Kahawai Spin Fishing at River Mouths – Great on Light Tackle Video

Kahawai Fishing at River Mouths on Light Tackle Video

 

Here is a great video on light tackle kahawai fishing featuring Malcolm Bell from The Complete Angler tackle store in Christchurch City. Fishing for kahawai on light tackle. Note how Malcolm holds the fish up-side-down which causes it to stop struggling. This strange behaviour occurs with most species of fish. It makes it a lot easier to remove the hook and release the fish unharmed.

Kahawai is one of the most readily available fish species for anglers to catch in New Zealand waters. They often gather in huge numbers around river mouths where they hunt for silveries (smelt), sprats, whitebait, and krill. Kahawai schools will come right in close to shore chasing baitfish; particularly during the summer months. Kahawai schools will pursue and attack baitfish schools often chasing their frightened prey right up on to beaches. This frenzied activity is often attended by large numbers of hovering and diving sea-birds.

Kahawai are used to chasing and catching small baitfish measuring around 50 to 80mm in length. As such, they can be extremely willing to take artificial baitfish lures cast out over the breakers and wound in at speed. It doesn’t matter how fast you wind your reel handle as the kahawai will have no trouble at all overtaking and biting your lure.

Kahawai are used to chasing and catching small baitfish measuring around 50 to 80mm in length. As such, they can be extremely willing to take artificial baitfish lures cast out over the breakers and wound in at speed. It doesn’t matter how fast you wind your reel handle as the kahawai will have no trouble at all overtaking and biting your lure.

The best lures for kahawai spin fishing are silver in colour. Those lures that closely resemble sprats are one of the best for targeting kahawai. A lure body around 70mm in length works well. Although many South Island anglers fish for kahawai with the same gear they use to fish for salmon, more and more anglers are discovering the joys of fishing for kahawai are river mouths using much lighter spinning gear that would normally be used to fish for trout. This lighter tackle allows the kahawai to give a good account of themselves when hooked as they make fast runs and will often jump clear of the water in their attempts to throw the hook.

Many Kiwis started out kahawai spin fishing by casting ticers at river mouths over the summer months when kahawai are most plentiful. They are often very easy to catch when in large schools. Even if you can’t see kahawai in the surf adjacent to the river they are often there. Watch out for the telltales sign of diving sea-birds. Even if you can’t see anything happening it is always worth casting at river mouths and beaches for kahawai. The kahawai will also take baited hooks but are much more likely to take a quickly retrieved spinning lure.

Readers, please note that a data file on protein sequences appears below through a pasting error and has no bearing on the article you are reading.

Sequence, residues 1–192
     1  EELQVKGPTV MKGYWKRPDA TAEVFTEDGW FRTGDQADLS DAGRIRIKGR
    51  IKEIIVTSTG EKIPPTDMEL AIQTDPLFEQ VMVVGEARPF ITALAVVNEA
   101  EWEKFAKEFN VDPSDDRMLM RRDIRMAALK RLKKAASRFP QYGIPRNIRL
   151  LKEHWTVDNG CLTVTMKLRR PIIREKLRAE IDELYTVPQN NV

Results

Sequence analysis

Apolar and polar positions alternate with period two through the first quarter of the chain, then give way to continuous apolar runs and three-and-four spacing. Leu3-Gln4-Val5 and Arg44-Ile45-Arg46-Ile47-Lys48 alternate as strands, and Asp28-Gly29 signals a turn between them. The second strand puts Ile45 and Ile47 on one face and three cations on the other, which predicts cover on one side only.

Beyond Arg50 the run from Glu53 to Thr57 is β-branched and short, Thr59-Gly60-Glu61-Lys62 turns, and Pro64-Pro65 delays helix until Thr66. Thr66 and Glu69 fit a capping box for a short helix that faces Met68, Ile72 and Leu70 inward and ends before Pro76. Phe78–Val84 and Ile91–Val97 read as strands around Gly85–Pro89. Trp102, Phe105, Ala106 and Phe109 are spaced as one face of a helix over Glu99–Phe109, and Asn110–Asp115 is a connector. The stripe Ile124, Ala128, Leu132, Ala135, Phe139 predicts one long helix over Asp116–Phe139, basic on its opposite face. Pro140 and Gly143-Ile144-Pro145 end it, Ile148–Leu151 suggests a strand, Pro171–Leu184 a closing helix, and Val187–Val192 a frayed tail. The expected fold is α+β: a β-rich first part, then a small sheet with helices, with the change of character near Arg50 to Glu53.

Kahawai have a habit of tossing the hook by jumping as mentioned above. They are also good at straightening the barbs on fish hooks with their strong runs. It is important to periodically check your treble hooks to ensure the barbs haven’t straightened out. Surprisingly you are better to fish for kahawai using just a single hook. I know this sounds counter-productive. After all, you would be forgiven for assuming that three barbs on a treble hook must be better than just one when it comes to hooking fish. However, this isn’t so at all. A single hook holds better and is harder for kahawai to toss.

Malcolm Bell from The Complete Angler removes a lure from a Waimakariri River-mouth kahawai. The silver lure is an excellent sprat imitation.

The single hook results in a more positive hook-up with less fish getting off. Surprisingly using a single hook also results in more takes! This is particularly so if fishing with a small compact silver sprat lure weighing about 20g. When fished on braid you will be able to detect the slightest touch by a kahawai on the lure making it easy to strike and set the hook. Kahawai spin fishing is tremendously exciting. The fish run and jump constantly. If one should get off your line you will often catch another before you can wind in your lure.

This post was last modified on 23/01/2021 5:33 pm

Share
Leave a Comment

Recent Posts

Whatipu Fishing – Ninepin Rocks, Paratutae Headland, Manukau Entrance

Whatipu Fishing - Ninepin Rocks, Paratutae Headland, North Side Manukau Harbour Entrance - Rock, Beach Fishing Around Auckland Whatipu. Located on…

12/04/2021

Blue Cod (Parapercis colias) – How to Catch Blue Cod Fishing Tips

Blue Cod - Parapercis colias Other names: Rawaru, patutuki by Allan Burgess Blue Cod - Parapercis colias - are caught all…

10/03/2021

Skipjack Tuna – Katsuwonus pelamis – Powerful barrel-shaped body

Skipjack Tuna - Katsuwonus pelamis Other Names: Arctic bonito, oceanic bonito, skippies, striped tuna, or victor fish. Aku (Hawaiian). Skipjack…

23/02/2021

Red Rock Lobster – Jasus edwardsii – Crayfish – spiny rock lobster

Lobster or Crayfish Red rock lobster is also called: Koura papatea, crayfish, spiny rock lobster and rock lobster. Widely known…

17/02/2021

Best Kahawai Fishing Lure – Small sprat shaped lures are the best

Best Kahawai Fishing Lure - Smaller lures 10-18g with a single hook work best by Allan Burgess Which is the…

23/01/2021

Catch and Release or Catch and Kill – By Dick Marquand

"A good game fish is too valuable to be caught only once." Lee Wulff Advice on Catch and Release to…

17/01/2021

All Rights Reserved © fishingmag.co.nz 1999 - 2021

Read More